Only 21 of the first 1.9 million people to receive coronavirus vaccines had severe allergic reactions. Vaccine centers have protocols in place to easily treat such incidents, CDC officials said.
Severe allergic reactions to coronavirus vaccines continue to be rare occurrences and should not prevent Americans from getting vaccinated, officials at the Centers for Disease Control and Prevention said Wednesday.
The CDC explained that given the small risk of severe allergic reaction and the high risk of catching and spreading COVID-19, the benefits of vaccination far outweigh the costs. Plus they note, the allergic reactions reported have been easily treatable.
So far only 21 of the 1.9 million people who have received a shot during the first weeks of vaccination experienced severe allergic reactions, according to data the CDC released midweek. Most of those who experienced reactions had a history of such allergic reactions and 20 of them have fully recovered.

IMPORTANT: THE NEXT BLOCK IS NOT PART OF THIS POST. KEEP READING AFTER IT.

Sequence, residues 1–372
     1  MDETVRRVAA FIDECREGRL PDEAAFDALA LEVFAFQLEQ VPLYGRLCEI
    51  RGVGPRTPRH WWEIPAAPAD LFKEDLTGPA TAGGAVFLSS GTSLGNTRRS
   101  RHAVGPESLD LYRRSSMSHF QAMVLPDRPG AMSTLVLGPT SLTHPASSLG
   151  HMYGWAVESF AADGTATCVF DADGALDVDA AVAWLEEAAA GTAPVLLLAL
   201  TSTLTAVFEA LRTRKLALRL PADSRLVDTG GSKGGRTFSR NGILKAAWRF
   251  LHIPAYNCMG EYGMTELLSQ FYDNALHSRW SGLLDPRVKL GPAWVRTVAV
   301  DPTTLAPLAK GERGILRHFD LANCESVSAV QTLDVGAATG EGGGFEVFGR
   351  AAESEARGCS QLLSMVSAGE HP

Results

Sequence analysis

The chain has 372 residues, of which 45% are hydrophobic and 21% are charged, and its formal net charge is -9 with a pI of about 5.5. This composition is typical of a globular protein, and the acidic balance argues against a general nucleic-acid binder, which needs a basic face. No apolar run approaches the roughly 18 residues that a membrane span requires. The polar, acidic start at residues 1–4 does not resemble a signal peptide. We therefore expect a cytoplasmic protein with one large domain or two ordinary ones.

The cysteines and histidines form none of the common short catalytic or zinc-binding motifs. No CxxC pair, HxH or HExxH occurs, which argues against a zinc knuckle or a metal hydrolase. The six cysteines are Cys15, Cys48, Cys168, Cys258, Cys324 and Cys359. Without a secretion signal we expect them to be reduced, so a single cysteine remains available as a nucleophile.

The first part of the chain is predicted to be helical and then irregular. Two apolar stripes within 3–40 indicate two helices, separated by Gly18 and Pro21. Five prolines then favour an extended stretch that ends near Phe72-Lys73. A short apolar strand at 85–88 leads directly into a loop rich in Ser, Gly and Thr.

“The known and potential benefits outweigh the known and potential risk of getting the vaccine,” said Nancy Messonnier, director of the CDC’s National Center for Immunization and Respiratory Diseases, in a news briefing.
Severe allergic reaction, called anaphylaxis, is easily treatable with medicines like epinephrine. Many people who are already diagnosed with severe allergic reactions to items such as peanuts or eggs often carry epinephrine in the form of an EpiPen.
According to the Washington Post, epinephrine has been the medicine used to treat almost all of the 21 anaphylactic reactions to the vaccines.
The reactions appeared in patients within 15 minutes of receiving the vaccine, which is why centers administering the vaccine and the CDC recommend patients who have been inoculated stay 30 minutes for observation before leaving. If a reaction presents itself, medical personnel can quickly treat the patient.
Although only a few cases of severe allergic reactions have occurred, experts have voiced concerns that reports of them could dissuade Americans from getting vaccinated.
Hospitals and healthcare facilities across the country are reaching their breaking points. In Los Angeles County, ambulance drivers have been told not to transport patients who have little hope for survival and supplies of oxygen are running low.